A sub-contracted operator had a close brush with electrocution when the raised arms of his 20-tonne excavator hit an 11kV power line as he drove up a slope at Scottish Water Bathgate in West Lothian, Livingston Sheriff Court was told yesterday.
On 25 June 2011, Raymond Harper had not been directed to the main site office where he would have received induction, and as a result he proceeded to operate on the site without having been made aware of any hazards, including the overhead power line.
The contact sent an 11kV current through the excavator, the overhead cable split and the live cable landed on the ground close by other workers. Had Mr Harper made any efforts to leave the vehicle, he could have sustained serious or even fatal injury. Luckily he remained in his cab.
The incident happened on a site under the control of engineering firm George Leslie Ltd, which was responsible for carrying out emergency ground works and repairs to water pipes.
The company was prosecuted after a Health and Safety Executive (HSE) investigation found that the company should have done more to ensure that the risk of contact with the overhead power line to personnel working on the site, particularly visiting workers, had been adequately controlled.
The HSE investigation concluded that the company, as principal contractor, had failed to properly assess the risks to drivers on the site, failed to identify areas on site where vehicles could safely move, in particular when required to pass under live overhead electrical power cables, and failed to provide and maintain machinery and safe systems of work.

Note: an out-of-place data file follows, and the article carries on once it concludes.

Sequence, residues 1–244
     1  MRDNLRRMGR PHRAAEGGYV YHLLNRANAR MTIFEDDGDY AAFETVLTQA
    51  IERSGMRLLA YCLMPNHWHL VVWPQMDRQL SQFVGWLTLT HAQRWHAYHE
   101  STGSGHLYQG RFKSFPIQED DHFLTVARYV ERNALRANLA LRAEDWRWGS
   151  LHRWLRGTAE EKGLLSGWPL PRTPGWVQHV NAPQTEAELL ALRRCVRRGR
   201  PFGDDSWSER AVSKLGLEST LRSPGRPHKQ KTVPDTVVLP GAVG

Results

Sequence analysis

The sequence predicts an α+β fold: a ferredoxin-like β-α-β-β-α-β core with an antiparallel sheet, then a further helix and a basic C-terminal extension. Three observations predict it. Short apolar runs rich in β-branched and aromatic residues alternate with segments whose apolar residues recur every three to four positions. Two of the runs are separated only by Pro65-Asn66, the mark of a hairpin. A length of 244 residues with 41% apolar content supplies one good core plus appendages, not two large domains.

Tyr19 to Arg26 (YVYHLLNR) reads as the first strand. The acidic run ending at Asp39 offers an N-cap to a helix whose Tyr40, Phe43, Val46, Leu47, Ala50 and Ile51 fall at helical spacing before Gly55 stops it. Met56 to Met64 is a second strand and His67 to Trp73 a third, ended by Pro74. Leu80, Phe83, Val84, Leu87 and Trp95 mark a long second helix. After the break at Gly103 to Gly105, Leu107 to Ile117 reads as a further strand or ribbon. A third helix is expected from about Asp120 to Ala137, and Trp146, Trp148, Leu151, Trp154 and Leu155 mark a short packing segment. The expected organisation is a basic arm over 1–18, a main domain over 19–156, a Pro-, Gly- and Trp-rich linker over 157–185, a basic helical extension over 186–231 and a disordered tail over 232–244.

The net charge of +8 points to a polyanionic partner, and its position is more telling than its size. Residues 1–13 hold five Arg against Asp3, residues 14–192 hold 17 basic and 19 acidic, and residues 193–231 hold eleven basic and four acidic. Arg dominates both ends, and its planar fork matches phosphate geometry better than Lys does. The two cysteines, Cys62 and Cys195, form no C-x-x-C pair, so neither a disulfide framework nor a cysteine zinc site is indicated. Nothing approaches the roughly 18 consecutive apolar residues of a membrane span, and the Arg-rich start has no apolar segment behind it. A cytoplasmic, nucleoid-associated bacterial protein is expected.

It had also failed to isolate the overhead powerline and erect sufficient barriers or display warning notices providing cross bar clearance heights and directions to drivers and failed to ensure that any vehicle needing to pass under live power lines had height restrictors fitted to any parts that could be elevated.
Furthermore, it had failed to ensure that workers visiting the site were provided with adequate instruction and supervision to ensure that they completed a site induction programme and were made aware of the presence of live overhead cables
The court was told that the company had previously been fined £25,000 after a prosecution in Feb 2004 relating to an incident where an employee was killed after falling from height. George Leslie was fined £6,600 after pleading guilty to breaching Section 3(1) of the Health and Safety at Work etc Act 1974.
Following the case, HSE Inspector Ritchie McCrae, said: “There is no excuse for the inadequate level of planning and control which should have eliminated or controlled the risk of contact with an overhead power line and allowed the work to be completed safely.”
In Scotland the Crown Office and Procurator Fiscal Service has sole responsibility for the raising of criminal proceedings for breaches of health and safety legislation.